Bill Bernat can’t cure depression.
Instead he’s found a way to bridge the chasm between those afflicted with it and everyone else — especially friends and family — to help loosen its powerful grip. He first felt it when he was 8 years old.
Bernat’s funny and uplifting talk about connecting with depressed friends at TEDxSnoIsleLibraries has over 1 million views on TED’s official website since it was reposted there.
Sno-Isle Libraries organizes annual TEDx Talks and gives local speakers the chance to present on important ideas and subjects. Sno-Isle’s YouTube channel adds another 102,000 views to the total. Bernat’s talk is the only Sno-Isle one that’s been picked up by TED.
Bernat, a 54-year-old Seattle resident, comedian and mental health awareness advocate, discusses his philosophies, advice and experience.
Why is your talk resonating with people?
Nearly everyone has friends or family who have lived with depression. Most people want to connect with these loved ones, but keep a distance because depression looks mysterious and heavy. In my talk, I try to demystify some aspects of depression, and make the discussion easy and fun. So, I suspect it resonates because I am shining a light on a darkness that separates people from their loved ones.
Why is depression important to talk about?
Depression directly impacts quality of life for hundreds of millions of people who live with it, and indirectly impacts almost everybody else. Yet many folks are afraid to talk about it, which isolates depressed people and discourages them from seeking treatment. By talking openly about depression, we have an opportunity to create connections and help people live better.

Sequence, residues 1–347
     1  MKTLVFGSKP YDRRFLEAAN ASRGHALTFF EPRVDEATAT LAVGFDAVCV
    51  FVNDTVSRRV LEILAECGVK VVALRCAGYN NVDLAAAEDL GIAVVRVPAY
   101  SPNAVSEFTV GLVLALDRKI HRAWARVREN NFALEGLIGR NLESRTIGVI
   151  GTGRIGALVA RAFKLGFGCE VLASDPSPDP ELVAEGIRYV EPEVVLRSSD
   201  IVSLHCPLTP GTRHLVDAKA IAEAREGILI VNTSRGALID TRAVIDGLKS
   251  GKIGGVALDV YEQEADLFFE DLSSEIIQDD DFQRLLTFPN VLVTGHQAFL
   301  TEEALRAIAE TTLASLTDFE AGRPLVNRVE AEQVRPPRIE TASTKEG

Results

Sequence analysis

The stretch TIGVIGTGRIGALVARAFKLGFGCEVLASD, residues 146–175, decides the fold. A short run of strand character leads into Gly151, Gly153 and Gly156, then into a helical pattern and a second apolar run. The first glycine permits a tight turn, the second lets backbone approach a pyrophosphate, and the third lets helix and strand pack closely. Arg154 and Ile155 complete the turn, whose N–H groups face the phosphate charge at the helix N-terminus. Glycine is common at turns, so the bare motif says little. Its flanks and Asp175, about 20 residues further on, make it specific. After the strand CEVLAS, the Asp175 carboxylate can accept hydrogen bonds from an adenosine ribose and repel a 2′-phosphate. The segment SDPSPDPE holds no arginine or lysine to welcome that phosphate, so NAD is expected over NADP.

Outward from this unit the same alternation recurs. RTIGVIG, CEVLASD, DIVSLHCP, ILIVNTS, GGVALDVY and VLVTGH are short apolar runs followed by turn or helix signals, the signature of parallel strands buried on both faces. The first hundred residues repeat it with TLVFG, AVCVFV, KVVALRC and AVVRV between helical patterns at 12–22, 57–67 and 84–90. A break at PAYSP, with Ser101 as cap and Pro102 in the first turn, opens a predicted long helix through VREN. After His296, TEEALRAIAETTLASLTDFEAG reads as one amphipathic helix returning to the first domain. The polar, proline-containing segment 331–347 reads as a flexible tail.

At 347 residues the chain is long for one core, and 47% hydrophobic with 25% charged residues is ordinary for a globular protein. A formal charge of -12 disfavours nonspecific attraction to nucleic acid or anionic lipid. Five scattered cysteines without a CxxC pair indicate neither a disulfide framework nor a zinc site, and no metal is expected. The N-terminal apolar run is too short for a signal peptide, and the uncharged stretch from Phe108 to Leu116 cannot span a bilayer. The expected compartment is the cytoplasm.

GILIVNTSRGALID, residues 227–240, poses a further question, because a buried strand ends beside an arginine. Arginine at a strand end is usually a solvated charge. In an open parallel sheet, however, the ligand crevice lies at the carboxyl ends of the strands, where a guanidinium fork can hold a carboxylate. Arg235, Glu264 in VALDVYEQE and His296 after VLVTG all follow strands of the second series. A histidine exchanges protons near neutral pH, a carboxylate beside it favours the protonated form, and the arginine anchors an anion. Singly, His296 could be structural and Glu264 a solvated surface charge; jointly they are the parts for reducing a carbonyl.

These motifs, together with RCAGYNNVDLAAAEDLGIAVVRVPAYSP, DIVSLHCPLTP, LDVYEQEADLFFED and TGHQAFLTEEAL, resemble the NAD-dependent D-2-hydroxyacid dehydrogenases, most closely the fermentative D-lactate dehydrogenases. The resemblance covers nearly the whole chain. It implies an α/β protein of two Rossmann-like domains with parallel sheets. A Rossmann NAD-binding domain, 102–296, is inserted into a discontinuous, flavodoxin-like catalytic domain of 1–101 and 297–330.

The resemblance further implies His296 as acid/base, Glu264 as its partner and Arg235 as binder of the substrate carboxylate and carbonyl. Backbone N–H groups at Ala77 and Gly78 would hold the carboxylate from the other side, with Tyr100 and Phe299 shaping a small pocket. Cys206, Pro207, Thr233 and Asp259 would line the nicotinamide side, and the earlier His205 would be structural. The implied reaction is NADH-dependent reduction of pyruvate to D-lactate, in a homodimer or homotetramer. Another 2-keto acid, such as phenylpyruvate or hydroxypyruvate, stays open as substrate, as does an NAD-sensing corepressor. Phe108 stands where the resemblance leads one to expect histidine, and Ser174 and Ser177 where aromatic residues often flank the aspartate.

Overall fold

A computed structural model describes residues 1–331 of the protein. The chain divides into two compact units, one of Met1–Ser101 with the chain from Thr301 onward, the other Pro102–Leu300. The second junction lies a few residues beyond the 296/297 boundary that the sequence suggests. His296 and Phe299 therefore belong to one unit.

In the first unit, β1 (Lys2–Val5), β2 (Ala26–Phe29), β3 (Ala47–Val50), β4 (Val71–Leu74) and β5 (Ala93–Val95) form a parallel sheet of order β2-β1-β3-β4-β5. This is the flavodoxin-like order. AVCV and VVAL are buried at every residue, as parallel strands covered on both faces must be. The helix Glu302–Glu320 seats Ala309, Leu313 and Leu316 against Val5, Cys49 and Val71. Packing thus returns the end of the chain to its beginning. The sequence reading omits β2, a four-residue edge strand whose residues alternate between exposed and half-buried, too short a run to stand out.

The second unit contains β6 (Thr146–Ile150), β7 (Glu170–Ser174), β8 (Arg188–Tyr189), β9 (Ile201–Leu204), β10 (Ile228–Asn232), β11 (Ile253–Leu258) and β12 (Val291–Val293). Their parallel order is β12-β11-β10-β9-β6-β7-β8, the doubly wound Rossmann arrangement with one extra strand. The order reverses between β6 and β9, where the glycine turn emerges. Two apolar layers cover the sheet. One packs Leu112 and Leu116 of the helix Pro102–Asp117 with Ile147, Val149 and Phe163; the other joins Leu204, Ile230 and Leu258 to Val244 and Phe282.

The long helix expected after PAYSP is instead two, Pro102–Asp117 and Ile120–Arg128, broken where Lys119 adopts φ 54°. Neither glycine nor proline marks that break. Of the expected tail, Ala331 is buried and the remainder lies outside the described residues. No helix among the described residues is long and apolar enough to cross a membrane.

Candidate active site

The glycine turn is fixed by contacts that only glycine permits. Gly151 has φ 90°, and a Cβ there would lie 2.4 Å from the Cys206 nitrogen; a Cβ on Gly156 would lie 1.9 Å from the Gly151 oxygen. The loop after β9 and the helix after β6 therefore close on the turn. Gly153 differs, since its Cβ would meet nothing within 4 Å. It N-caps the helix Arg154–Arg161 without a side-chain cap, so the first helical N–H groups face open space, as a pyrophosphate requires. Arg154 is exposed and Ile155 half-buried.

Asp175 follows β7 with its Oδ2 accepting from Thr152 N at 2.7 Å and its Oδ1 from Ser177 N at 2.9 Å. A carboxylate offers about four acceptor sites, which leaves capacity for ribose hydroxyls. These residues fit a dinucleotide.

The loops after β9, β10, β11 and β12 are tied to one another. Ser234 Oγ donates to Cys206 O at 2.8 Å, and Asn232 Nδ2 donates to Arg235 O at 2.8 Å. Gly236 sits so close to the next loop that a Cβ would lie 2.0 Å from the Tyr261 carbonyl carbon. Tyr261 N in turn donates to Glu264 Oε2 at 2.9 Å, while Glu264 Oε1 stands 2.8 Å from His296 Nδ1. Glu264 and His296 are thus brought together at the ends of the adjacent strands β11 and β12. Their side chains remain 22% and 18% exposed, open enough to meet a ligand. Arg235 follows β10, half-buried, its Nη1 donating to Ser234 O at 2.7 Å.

What’s the best way to connect with depressed people?
It’s more than I can summarize here. Readers should watch the talk for a more complete answer. Here’s a key point, though: Talk to depressed people as equals, like they’re not broken or even different from you. When I lived with depression, I didn’t let many people get close to me. The ones I did let in were the ones who did not condescend or patronize. If you want to connect with depressed people, talk to them like you talk to anyone else. That’s why we use the phrase “people living with depression,” because they are people just like everyone else.
You kept the atmosphere light and positive during your talk. How did you manage that?
Few things create an instant feeling of human connection like laughing together about things that scare us. I’ve long known that and wanted to help other people feel that joy. Depression is tricky, because most people are taught to be sad and heavy when the topic comes up. I’ve learned that the No. 1 thing I can do is be happy inside and very comfortable with what I’m talking about. This says, “I don’t want your sympathy, and it’s OK to laugh” more than words can.
Are you worried people might take it the wrong way?
I try to avoid being flippant, so I can smile without worrying if it’s offensive. I give myself permission to have fun by rationalizing it this way. Instead of revering the heaviness that takes people down, I want to take away its power and replace it with lightness. My goal is to make life look more attractive to those still living it.